At present elections in the Czech Republic usually take place across two days. That looks likely to end, however, with the Ministry of the Interior readying legislation for one-day polling. A new survey suggests the majority of voters would welcome the change – though opinion is divided on what day of the week is best.
Three contestants will be vying for the position of chairman of the Pirate
Party at the party's January statewide conference. According to Czech
Television, current Pirates leader Ivan Bartoš will be challenged by
Chamber of Deputies members Vojtěch Pikal and Mikuláš Ferjenčík.
Members were able to nominate candidates on the party's forum website
by the end of Friday.
Ivan Bartoš has led the Pirate Party since 2016, but was chairman during two stints between 2009 and 2014.
The Czech Senate wants to make changes to the amendment on the
government’s Council for European and Structural and Investment Funds.
According to a proposal made by the Senate’s Committee for Public Administration, the amendment should clearly state that the chairman or a member of the Council cannot be in conflict of interest, as defined by the European Union.
Until last December, the Council was chaired by Prime Minister Andrej Babiš, who, according to an EC audit, is in conflict of interest over EU subsidies paid to the Agrofert holding he founded and placed in a trust fund two years ago.
The proposal should be debated at next week’s session of the upper house.
UK journalist Misha Glenny is an expert on organised crime and cybersecurity and has written a number of books, including the hit title McMafia. He studied in Prague and did a lot of reporting from the city in the late 1980s, including during the Velvet Revolution. At present he also heads a committee guaranteeing the independence of editors and journalists at the Economia group, which publishes titles such as Hospodářské noviny and Respekt. Czech Radio’s Lenka Kabrhelová sat down with Misha Glenny recently and began by asking him about the nature
The EU representative office in Prague has confirmed receiving the final EC
audit on Czech Prime Minister Andrej Babiš‘ alleged conflict of interest
stemming from the multi-billion crown agro-chemical empire Agrofert he
owned and later placed in trust funds and EU subsidies to the said holding.
The audit has been sent to the Ministry for Regional Development. According to EU representatives in Prague the document is confidential.
The EC’s preliminary audit concluded that the Czech prime minister has a conflict of interest and the Czech Republic may subsequently have to return some 450 million crowns in EU subsidies paid to the Agrofert business conglomerate.
Prime Minister Babiš has dismissed the claims, saying he had fully adhered to the Czech conflict of interest law.
The introduction of a new system under which if an MP becomes a minister
they can be replaced by another member of their party now depends on the
Senate. The introduction of the sliding mandate, as it is called, has the
backing of the Chamber of Deputies, Czech Television reported on Sunday.
The Senate has expressed opposition to this constitutional change but may back it in exchange for other changes. These include extending the term of Constitutional Court judges to 12 years and making it easier to file a petition against the president at the country’s highest court.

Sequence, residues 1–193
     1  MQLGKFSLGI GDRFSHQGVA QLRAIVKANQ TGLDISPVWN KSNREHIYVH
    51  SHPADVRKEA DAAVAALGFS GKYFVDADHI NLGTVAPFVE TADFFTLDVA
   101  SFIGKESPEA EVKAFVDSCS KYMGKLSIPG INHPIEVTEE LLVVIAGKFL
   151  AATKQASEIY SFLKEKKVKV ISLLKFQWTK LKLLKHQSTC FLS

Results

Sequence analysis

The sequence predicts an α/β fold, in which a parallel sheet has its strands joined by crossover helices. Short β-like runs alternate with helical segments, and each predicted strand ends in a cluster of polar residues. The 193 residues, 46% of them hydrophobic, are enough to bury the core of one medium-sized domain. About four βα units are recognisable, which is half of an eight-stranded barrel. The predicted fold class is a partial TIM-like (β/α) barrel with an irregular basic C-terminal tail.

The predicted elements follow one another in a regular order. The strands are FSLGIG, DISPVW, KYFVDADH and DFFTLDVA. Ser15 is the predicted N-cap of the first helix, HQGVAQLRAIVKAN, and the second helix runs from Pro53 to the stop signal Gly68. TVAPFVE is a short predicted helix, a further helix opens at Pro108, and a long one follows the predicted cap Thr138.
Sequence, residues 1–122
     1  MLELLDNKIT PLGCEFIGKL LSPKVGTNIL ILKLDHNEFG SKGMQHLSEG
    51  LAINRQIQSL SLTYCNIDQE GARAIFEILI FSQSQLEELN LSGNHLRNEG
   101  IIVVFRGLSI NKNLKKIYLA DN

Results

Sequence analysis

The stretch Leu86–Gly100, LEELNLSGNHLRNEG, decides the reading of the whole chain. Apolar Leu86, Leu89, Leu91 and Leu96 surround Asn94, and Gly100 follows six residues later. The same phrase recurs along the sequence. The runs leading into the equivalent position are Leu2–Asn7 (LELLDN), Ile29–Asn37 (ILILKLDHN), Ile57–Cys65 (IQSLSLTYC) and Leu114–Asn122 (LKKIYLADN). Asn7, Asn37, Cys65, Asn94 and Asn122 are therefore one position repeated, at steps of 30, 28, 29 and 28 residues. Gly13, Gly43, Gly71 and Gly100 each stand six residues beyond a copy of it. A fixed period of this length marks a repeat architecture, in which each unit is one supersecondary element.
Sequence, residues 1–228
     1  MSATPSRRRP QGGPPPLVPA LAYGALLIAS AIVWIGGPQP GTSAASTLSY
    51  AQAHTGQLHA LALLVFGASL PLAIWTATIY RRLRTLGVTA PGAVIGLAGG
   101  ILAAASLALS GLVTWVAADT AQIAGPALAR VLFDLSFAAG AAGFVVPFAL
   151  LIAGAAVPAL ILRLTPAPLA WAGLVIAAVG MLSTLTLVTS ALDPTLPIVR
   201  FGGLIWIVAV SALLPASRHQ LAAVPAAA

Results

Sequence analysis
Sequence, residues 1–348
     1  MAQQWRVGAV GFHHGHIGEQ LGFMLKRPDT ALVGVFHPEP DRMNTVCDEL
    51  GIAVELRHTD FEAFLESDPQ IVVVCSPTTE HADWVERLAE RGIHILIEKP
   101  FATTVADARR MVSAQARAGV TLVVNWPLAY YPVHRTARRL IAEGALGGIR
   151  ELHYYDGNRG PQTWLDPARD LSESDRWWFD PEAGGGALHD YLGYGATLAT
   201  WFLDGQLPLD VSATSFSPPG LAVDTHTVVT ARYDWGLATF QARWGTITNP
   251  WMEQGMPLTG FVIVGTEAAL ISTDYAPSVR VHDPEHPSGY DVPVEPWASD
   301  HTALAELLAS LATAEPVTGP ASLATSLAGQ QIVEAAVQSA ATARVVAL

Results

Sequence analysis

Prime Minister Andrej Babiš said he had asked Jaroslav Faltýnek, head of ANO’s lower house group, to undertake negotiations to push the introduction of the sliding mandate through.
Czech presidential elections are still three years away, provided Miloš Zeman finishes his second term. But candidates hoping to succeed him should already start building their “brand” at least two years before voters head to the ballot box, experts say. A new poll sheds light on the qualities Czechs want in their next head of state.
The Chamber of Deputies has approved a bill that will enable Czech citizens
to communicate with state institutions electronically as of 2020.
According to the proposed law on digital services people will also no longer have to provide the same information to different institutions, and civil servants will be expected to seek it out themselves from electronic registers.
Paper forms will be preserved, mainly for the sake of senior citizens.
The bill still needs to be approved by the Senate and signed into law by the president. The process is expected to be smooth.
As the Czech nation celebrates 30 years of freedom and democracy the words of a leading Communist Party official have caused a public outcry. In an interview for Czech Radio, the party’s deputy chair, Stanislav Grospič argued that the 1968 Soviet-led occupation of Czechoslovakia was not an invasion and that the people killed had died mostly in road accidents. While his words evoked widespread condemnation, the Communist Party has not distanced itself from the statement.
The Senate commission set up to assess the European Commission audits
concerning Prime Minister Andrej Babiš's suspected conflict of
interest says its initial findings suggest that this may be the case and
has invited the prime minister for questioning.
The commission, headed by Zdeněk Nytra from the Civic Democrats' senators' group, does not have the status of an investigative body, but was set up to monitor developments in the case and guarantee objectivity.
The two EC audits, which are both preliminary, claim that the Czech prime minister has a conflict of interest due to continued influence on the agro-chemical business conglomerate Agrofert which he established and later put in trust funds in order to comply with a strict new conflict of interests law.
Prime Minister Babiš has denied any wrongdoing, saying he had fully adhered to Czech law.
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